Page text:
Local and state officials conveyed their support for issues regarding immigration, employee wages and the criminal justice system at a meeting in Peabody that garnered a diverse group of over two hundred attendees from over 25 religious congregations on the North Shore.
The Essex County Community Organization (ECCO), a congregation-based group that aims to help communities in areas like job training, health care, youth development, housing, and safety, hosted the event, which addressed immigration reform, criminal justice reform and raising minimum wage.
At the “Action Assemly,” which was held at St. John the Baptist Parish, residents gave testimony on what it’s like to make ends meet earning minimum wage, adapting to society after being in prison, and the expensive cost of applying for legalization, which can cost up to $4,000 due to fines and fees, testifiers said.
“It’s immensely gratifying to hear the wonderful support we got tonight,” said Sam Silverman, a member of the board of directors at ECCO. “I think we will be able to make some real progress knowing that we have their support.”
State Sen. Joan Lovely, state Rep. Ted Speliotis, and a spokesperson representing US Sen. Elizabeth Warren, agreed to advocate for the many immigrants, minimum-wage employees, and residents struggling to find jobs and to stay out of trouble after incarceration.
Lovely said she was especially shocked by how people manage to live off of minimum wage, which is $8 per hour, or $16,000 per year if working full-time.
“It’s next to impossible for people to be able to really support themselves in this economy on minimum wage,” Lovely said. “We just need to take a hard look at it. Sometimes it’s a disincentive to work. People say ‘I don’t want to go out to work,’ and then what do they do? They end up on public assistance and we want to avoid that.”
The senator added that she plans on attending a minimum wage hearing at the State House today to get as much information on the issue as possible.
Once Lovely does “all the homework,” she will take the next steps in pressing to raise minimum wage.
Brenda Paredez,16, testified on the suffering of her parents, who immigrated from Paraguay about 12 years ago, and have yet to find stable jobs. Paredez’s father works as a painter in Boston, while her mother cleans homes on the North Shore.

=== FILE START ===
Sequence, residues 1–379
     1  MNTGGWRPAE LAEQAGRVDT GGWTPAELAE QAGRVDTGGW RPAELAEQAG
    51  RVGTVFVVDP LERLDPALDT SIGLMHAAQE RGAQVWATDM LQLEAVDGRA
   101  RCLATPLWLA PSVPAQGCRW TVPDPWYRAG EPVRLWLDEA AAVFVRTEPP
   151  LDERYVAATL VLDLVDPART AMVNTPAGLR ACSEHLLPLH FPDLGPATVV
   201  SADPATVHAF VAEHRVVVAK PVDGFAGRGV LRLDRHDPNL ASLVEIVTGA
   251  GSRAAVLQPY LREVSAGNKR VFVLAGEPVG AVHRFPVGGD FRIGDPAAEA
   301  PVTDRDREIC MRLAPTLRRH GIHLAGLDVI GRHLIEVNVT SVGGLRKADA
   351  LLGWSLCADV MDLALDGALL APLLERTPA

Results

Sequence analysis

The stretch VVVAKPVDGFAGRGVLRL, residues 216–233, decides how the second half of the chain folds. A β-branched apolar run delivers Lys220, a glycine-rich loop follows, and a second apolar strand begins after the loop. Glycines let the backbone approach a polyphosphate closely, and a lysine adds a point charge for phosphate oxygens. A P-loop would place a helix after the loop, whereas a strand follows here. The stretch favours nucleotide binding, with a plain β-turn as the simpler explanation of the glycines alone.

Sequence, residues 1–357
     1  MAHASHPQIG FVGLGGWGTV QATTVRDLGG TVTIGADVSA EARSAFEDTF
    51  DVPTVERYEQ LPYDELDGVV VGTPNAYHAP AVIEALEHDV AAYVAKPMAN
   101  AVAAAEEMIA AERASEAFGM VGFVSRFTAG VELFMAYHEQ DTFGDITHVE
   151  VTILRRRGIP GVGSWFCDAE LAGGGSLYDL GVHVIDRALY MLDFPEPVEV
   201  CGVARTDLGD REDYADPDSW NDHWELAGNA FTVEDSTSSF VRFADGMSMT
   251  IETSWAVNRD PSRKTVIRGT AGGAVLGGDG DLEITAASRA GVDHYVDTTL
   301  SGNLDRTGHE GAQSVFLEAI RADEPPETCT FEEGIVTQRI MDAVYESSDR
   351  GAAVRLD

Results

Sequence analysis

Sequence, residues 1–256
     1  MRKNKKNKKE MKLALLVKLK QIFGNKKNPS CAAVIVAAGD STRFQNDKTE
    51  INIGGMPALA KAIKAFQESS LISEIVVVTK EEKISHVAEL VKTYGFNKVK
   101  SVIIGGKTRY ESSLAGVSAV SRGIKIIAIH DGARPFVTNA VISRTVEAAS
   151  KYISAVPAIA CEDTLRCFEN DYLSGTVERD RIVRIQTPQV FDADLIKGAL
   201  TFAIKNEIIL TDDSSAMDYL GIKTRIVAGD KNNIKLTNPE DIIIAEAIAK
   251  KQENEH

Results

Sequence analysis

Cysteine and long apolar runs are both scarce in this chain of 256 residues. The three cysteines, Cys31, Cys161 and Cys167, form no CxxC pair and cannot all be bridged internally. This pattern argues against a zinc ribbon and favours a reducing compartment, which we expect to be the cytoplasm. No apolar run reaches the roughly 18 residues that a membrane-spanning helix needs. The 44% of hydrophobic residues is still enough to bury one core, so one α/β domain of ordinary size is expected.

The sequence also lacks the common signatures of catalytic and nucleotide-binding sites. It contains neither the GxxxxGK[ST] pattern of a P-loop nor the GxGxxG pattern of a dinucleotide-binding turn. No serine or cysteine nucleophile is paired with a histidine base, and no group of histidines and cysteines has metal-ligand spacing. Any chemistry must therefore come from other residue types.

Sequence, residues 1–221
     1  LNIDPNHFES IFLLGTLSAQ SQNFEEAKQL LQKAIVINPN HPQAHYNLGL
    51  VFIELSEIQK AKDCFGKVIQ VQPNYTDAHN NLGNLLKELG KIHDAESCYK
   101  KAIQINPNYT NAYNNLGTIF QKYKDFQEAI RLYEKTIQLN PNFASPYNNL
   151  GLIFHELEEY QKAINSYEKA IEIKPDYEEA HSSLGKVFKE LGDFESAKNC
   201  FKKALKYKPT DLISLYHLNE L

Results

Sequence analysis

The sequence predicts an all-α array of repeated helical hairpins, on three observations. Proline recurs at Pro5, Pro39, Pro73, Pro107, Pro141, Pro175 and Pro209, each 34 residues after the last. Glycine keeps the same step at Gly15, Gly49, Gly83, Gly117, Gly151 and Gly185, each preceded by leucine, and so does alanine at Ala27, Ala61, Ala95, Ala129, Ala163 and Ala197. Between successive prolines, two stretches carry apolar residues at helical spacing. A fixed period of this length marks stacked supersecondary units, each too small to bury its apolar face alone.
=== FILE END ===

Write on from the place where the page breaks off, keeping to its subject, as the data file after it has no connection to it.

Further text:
Despite her family’s struggles, the sophomore at the Salem Academy Charter School has hopes of attending Tufts University and becoming an accomplished businesswoman.
“To me it was a blessing because for years there was nothing good happening for immigration,” Paredez said. “To see this support, it’s amazing.”
Paredez added that it gives her hope knowing elected officials support immigration reform and lowering the cost of the application process to becoming a legal citizen.
Chris Lange,, Sen. Warren's regional director, read a statement regarding immigration reform on the senator’s behalf.
“Today 15 percent of people in Massachusetts were born in a foreign country,” Lange said. “Immigration is who we are as a people and we’re stronger because of it. Senator Warren will work with her colleagues for an affordable path to citizenship. I think we all agree that this is a good starting point.”
The third issue addressed at the assembly was the need for reforming the current criminal justice system.
According to a recent report endorsed by the Massachusetts Criminal Justice Coalition, incarceration has a lasting impact on the economic potential of ex-offenders with real implications for their families.
The coalition, which is made up of prominent attorneys, justice officials and former prosecutors, said in the report that on average, former inmates earn 40 percent less annually than they would have had they not been sent to prison.
Based on this national estimate, formerly incarcerated workers in Massachusetts lose about $760 million in wages annually, which in turn reduces tax collections by $20 million per year.
In order to improve these conditions, ECCO is advocating for increased funding for evidence-based diversion, in-prison training programs and reentry programs for when incarcerated workers are released.
“People make mistakes, but people do change,” said Cassandra Bensahih, a Lynn resident who said she served a short stint in prison after committing a drug-related crime. “The way our criminal justice system is set up today seems to just perpetuate the idea of incarceration.”
Bensahih added that she felt unprepared to endure life outside of prison when she was released and that no one showed her the way to find a job with a criminal record.
Lovely said in determining what needs to be done with the criminal justice system, she plans on talking to judges, district attorneys and other officials with “boots on the ground”.
“It’s clear that we need some type of reform,” Lovely said. “Exactly what it is, the devil is in the details, so we’ll see.”
Despite a slight disappointment in the number of legislators that attended the meeting, ECCO leader Sam Silverman said that last night’s event was a huge success.
“What this evening has shown is that we can take people of diverse backgrounds, race, class, religion, identify common social justice issues, and have them come together to work and influence our elected officials to support these issues,” Silverman said. “That’s a significant accomplishment.”